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Significant SIGMA

Group celebrates 50th anniversary by working hard, playing hard

SAN FRANCISCO -- The economic struggles or 2008 and the unknown future under a new presidential administration loomed large at SIGMA annual meeting in San Francisco this past week, but not large enough to overshadow the association's recent successes or the celebration of the group's 50th anniversary. (Click here to view CSPTV coverage of the event.)

"SIGMA is like a big family. Everybody networks, and the best education, the best information, the best way to comply with government regulations is to figure out [image-nocss] how somebody else did it and follow him," said executive vice president Ken Doyle. "That's what SIGMA's been doing for at least the 28 years that I've been here."

During this conference, the networking was capped with a 50th Anniversary Gala that brought more than 600 gasoline-marketer-industry executives together to celebrate with a gourmet dinner and live musical entertainment from musical-theater productions of the past 50 years. Lyrics to the songs were rewritten to reflect current economic conditions.

But before the fun on Saturday night, there was work to be done, including committee meetings, educational workshops and the passing of the gavel to new leader in the group, the Society of Independent Gasoline Marketers of America.

New president Carl Boyett, CEO of Boyett Petroleum, Modesto, Calif., said the group with continue its focus on legislative issues, education and networking during the next year. He also said the current economy may bring some new members to SIGMA. "I know the first time I ever got involved with a trade association was during the first fuel shortage in the early 1970s," he said. "I think those types of things make you go look for solutions."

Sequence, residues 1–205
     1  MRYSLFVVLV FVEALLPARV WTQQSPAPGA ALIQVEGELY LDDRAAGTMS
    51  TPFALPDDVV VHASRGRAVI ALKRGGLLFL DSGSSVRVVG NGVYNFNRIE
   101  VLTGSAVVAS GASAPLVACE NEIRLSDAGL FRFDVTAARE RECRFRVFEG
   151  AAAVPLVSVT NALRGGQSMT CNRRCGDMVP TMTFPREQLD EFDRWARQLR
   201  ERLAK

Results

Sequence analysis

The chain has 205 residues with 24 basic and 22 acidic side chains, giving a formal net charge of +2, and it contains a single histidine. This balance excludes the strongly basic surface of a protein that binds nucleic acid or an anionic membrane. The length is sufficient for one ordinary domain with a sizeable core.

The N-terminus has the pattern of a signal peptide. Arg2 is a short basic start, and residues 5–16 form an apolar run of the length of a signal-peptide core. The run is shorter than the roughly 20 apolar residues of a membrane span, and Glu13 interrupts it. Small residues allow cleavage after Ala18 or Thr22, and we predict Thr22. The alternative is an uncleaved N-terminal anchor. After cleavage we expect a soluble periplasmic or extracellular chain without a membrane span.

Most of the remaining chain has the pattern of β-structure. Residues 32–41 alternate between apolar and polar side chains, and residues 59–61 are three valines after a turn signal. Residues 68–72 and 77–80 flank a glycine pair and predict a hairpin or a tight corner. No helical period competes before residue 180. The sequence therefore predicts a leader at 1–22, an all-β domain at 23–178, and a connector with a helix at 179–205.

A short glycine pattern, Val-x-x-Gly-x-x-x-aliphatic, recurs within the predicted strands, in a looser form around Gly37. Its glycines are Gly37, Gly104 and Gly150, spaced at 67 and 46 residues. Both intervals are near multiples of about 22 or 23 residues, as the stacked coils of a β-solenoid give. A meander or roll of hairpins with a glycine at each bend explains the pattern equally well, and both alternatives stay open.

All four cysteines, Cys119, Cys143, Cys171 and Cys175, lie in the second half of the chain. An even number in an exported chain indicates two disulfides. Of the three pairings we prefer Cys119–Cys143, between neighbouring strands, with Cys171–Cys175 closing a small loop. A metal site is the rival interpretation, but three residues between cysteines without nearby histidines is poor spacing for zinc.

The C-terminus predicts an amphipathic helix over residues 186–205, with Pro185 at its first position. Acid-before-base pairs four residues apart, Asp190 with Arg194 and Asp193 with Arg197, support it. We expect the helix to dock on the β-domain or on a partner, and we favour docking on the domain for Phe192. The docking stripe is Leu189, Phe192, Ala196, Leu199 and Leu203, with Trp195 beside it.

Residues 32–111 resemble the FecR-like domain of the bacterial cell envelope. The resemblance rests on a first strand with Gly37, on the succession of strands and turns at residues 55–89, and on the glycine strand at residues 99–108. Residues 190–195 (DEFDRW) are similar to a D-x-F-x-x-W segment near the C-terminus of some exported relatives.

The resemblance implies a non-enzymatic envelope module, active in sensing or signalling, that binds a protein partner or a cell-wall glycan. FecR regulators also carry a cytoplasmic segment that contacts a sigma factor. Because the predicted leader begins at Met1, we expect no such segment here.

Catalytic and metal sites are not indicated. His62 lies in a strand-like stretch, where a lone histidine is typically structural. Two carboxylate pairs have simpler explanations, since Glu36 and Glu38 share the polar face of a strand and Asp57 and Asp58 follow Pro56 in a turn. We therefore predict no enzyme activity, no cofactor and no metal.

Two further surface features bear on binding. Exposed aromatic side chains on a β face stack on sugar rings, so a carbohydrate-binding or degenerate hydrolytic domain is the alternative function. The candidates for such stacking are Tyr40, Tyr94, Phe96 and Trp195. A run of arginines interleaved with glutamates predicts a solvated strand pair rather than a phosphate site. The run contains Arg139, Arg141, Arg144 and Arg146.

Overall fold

As the outgoing chairman of the Legislative Committee, Boyett oversaw a final meeting of the group that focused on clear fuel, card check/union issues and credit-card fees, among other things. The committee took a position to oppose legislation that would do away with the need to poll employees on the idea of forming a union before the issue was actually put to a vote. And on credit-card fees, attorney Tim Columbus of Steptoe and Johnson encouraged all retailers to visit Washington on July to talk to their congressmen about pending interchange-fee legislation.

"I know that it is no fun to come to the bottom of a swamp in June," he said with his characteristic flippancy. "But this is your business.... This is when they're there; coming to their subcommittee meetings in the summer is your shot."

Meanwhile, the Marketer Operations Committee agreed to move forward with a test of a new information sharing tool for occupational safety and health issues.

The Safety Comparator Project will include "a website that allows us to post our experience numbers-the accidents, the number of man-hours lost and various statistics-that are important to the insurance companies, so they can see if we're being a safe company or not," said Jim Westgate, chairman of the committee. "And we can also then gather from that information of who are the safest companies. We can look at what they're doing as best practices and we can make a safer place for our customers and for our employees and at the same time reduce our expenses in insurance rates."

Similarly, SIGMA is also launching an online sharing tool for the attorneys of convenience store and gasoline marketing companies as a way for them to share information and experiences.

Finally, in a workshop titled "Funding Today's Increasingly Difficult Cash Cycle," Steve Leon of Wells Fargo Bank offered these notes on what matters to a lender:
Diversified revenues (not just gasoline). Cash flow cushion/available liquidity. Differentiated brand and management team. Credit history. Financial systems and technology. Quality of financial statements. Frequency of financial reporting (at least quarterly; possibly monthly).

And some red flags:
Fragmented capital structure. Integration risks. Too-rapid growth. Leon said of Wells Fargo's business as of late, "We haven't pulled anybody's line [of credit], but it's true if there's a large commitment out there, we're going to want to talk [about it].... But we're not in the business of telling you 'goodbye'."

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